I don’t think it takes a linguist to notice that the language we speak seems to shape the way we think, and how our brain works. Since the 1960s, though, we have pretty much accepted Chomsky’s idea of a universal grammar, or, to put it briefly, that the human brain is born language-ready, with an in-built program that is able to decipher the common rules underpinning any mother tongue.
Thanks to The virtual linguist, I found this very interesting article on the New Scientist about the ideas being put forward by linguists Nicholas Evans of the Australian National University in Canberra and Stephen Levinson of the Max Planck Institute for Psycholinguistics in Nijmegen, the Netherlands. They argue that
the brain of a child does not arrive pre-programmed with abstract linguistic rules. Instead, its initial setting is much simpler: the first job of the brain is to build a more complicated brain. This it does using any input that it gets, including language. This could mean that speakers of very different languages have quite different brains, says Levinson.
This could mean that what Chomsky and others see as “innate” is actually the product of a much simpler and less rigid form of hard-wiring. Evans and Levinson argue that there are no absolute language universals, but rather
a mix of strong and weak tendencies that characterises the “bio-cultural” hybrid we call language.
This means that there is more room for variation than we might expect. A very interesting passage points out how
humans are more diverse than we thought, with our brains having differences depending on the language environment in which we grew up.
I have to admit that Psycholinguistics and Neurolinguistics are two of the most fascinating fields of research for a language freak like me. But besides the curiosity, I think this kind of research often addresses many interesting points that can be very useful for translators to explain to the general public what translation is and to advance the understanding and recognition of our work. For example, we read that
Work in the past two decades has shown that several languages lack an open adverb class, which means the number of adverbs available is limited. […] More controversially, some linguists argue that a few languages, such as Straits Salish, spoken by indigenous people from north-western regions of North America, do not even have distinct nouns or verbs. Instead they have a single class of words to encompass events, entities and qualities.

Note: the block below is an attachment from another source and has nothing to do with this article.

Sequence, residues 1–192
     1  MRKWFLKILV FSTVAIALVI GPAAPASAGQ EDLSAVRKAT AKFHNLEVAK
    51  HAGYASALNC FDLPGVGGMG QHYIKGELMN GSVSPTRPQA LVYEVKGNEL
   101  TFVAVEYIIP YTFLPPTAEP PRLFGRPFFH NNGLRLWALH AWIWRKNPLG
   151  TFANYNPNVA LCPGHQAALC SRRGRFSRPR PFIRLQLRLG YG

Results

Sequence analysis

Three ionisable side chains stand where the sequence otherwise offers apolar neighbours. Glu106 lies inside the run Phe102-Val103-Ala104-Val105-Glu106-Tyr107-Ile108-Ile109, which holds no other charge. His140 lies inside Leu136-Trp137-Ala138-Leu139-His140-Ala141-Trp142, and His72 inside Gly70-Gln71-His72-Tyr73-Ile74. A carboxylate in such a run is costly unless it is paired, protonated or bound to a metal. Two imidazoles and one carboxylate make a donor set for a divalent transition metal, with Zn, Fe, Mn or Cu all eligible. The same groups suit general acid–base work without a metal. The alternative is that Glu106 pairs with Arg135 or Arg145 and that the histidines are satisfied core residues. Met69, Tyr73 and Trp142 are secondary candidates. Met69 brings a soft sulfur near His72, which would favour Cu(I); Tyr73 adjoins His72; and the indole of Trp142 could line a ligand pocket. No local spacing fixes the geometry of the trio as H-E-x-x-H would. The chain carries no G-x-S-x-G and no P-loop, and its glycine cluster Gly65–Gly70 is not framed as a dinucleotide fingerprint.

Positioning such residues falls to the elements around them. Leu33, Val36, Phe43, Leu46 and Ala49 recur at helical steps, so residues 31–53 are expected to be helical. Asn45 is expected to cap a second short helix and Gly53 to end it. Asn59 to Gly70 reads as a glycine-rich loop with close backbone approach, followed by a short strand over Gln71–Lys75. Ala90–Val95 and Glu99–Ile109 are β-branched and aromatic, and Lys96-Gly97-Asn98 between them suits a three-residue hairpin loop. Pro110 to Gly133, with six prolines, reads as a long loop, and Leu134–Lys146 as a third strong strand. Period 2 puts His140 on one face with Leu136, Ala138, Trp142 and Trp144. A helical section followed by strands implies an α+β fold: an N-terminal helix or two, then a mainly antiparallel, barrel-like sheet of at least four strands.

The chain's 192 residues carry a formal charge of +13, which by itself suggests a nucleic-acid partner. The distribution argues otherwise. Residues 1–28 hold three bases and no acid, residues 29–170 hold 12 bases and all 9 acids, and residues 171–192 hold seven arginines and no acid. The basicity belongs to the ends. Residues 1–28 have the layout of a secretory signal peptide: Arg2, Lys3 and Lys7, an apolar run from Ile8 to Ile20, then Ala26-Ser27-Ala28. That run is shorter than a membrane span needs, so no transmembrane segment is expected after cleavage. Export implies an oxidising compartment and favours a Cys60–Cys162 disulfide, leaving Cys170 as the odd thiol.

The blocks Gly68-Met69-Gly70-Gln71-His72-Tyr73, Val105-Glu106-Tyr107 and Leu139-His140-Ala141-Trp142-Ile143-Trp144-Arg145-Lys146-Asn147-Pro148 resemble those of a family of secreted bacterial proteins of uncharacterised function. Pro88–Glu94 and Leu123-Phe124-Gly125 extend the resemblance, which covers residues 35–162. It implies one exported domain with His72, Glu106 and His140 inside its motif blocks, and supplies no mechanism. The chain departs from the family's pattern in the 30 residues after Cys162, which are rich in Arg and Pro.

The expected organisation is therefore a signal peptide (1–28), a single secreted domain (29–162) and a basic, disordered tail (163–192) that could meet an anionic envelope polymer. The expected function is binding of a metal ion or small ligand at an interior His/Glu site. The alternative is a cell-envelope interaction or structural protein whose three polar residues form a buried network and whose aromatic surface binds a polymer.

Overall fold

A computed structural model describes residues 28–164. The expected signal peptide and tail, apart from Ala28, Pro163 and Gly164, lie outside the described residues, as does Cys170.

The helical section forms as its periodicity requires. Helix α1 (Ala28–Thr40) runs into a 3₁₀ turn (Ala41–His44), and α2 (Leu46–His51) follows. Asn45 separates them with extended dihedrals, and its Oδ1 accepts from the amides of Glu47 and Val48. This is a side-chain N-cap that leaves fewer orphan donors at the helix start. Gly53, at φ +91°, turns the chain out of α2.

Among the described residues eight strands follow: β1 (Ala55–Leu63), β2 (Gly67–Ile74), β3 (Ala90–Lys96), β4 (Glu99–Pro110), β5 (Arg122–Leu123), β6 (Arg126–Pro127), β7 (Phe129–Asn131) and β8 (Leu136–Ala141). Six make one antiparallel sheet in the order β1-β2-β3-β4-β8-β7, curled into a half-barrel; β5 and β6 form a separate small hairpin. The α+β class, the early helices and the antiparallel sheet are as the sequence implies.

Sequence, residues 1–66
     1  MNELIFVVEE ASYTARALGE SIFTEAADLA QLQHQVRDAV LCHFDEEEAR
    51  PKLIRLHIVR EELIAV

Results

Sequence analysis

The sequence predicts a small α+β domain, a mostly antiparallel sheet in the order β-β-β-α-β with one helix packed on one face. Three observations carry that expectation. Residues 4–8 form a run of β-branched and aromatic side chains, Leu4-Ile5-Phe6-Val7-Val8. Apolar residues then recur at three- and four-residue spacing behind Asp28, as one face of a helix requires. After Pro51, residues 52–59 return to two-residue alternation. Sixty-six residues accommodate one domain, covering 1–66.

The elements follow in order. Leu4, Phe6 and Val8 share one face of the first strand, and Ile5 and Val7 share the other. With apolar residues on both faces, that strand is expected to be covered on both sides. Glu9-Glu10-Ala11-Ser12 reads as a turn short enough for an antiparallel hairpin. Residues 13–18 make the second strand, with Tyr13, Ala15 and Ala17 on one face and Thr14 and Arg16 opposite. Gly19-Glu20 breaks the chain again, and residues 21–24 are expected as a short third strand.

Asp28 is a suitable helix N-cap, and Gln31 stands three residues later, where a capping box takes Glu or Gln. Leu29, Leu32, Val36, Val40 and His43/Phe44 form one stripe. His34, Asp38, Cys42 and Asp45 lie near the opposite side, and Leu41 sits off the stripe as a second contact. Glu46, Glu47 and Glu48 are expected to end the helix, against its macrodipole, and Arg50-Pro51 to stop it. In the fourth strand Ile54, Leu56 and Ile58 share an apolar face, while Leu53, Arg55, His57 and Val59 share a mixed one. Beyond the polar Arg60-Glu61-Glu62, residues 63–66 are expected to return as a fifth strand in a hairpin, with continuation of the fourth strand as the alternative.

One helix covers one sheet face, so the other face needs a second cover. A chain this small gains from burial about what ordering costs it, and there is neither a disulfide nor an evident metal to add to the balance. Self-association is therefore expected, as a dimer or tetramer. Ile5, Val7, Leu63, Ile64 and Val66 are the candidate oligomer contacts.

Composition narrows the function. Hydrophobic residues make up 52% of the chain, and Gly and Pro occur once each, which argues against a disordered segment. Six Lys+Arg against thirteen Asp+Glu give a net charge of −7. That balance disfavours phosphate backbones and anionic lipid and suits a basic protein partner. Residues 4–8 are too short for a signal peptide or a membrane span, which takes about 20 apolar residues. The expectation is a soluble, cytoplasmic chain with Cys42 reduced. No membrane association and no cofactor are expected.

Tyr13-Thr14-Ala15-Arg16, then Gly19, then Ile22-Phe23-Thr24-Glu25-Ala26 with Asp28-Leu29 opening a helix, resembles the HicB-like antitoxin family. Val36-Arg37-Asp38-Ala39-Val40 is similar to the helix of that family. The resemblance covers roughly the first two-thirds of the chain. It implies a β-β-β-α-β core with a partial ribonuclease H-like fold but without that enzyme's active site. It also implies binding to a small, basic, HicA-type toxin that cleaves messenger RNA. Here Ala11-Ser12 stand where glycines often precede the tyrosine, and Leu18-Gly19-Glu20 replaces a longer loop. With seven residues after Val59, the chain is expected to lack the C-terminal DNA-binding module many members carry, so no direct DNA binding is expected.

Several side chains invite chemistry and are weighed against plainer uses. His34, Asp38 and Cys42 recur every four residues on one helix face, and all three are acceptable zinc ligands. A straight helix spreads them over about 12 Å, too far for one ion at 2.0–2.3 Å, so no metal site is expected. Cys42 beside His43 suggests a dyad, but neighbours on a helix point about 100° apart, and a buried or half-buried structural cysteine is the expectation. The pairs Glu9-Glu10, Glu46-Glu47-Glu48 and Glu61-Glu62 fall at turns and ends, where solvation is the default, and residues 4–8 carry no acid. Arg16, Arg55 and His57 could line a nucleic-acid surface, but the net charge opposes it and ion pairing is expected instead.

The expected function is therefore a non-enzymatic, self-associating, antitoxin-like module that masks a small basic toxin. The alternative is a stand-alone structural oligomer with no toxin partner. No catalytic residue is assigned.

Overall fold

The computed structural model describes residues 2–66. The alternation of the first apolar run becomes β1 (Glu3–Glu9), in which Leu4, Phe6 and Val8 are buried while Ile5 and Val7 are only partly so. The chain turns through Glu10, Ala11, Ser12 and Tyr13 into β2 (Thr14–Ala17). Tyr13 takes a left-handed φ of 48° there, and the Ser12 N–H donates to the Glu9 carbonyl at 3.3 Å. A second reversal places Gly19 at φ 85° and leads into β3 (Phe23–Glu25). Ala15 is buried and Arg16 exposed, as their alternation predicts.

This last point, however controversial, allows us to speculate on the implications it would have in terms of translation. How massively would we need to rework a text originally written in such a language, if we were to translate it into English? It’s one of those cases where an extreme example allows us to better understand the translation process and the skills needed in order to carry it out. And there is more. Apparently,
The Kiowa people of North America use a plural marker that means “of unexpected number”. Attached to “leg”, the marker means “one or more than two”. Attached to “stone”, it means “just two”.
Obviously, if we were to translate between Kiowa and English, we would need to enquire further in order to obtain extra information – does that man have one leg or more than two? Information that a Kiowa speaker won’t include in the expression but that is felt as necessary by the English-speaking mind, which won’t be content to know that someone has an “unexpected number” of legs.
The most fascinating example from the New Scientist article, though, is that of
“rawa-dawa”, from the Mundari language of the Indian subcontinent, meaning “the sensation of suddenly realising you can do something reprehensible, and no one is there to witness it”
It is worth pointing out that bridging such fundamental differences between languages is a translator’s daily task, and a perfect example to make people think about the skills needed to overcome the challenges we face in our often underpaid decoding and re-encoding efforts.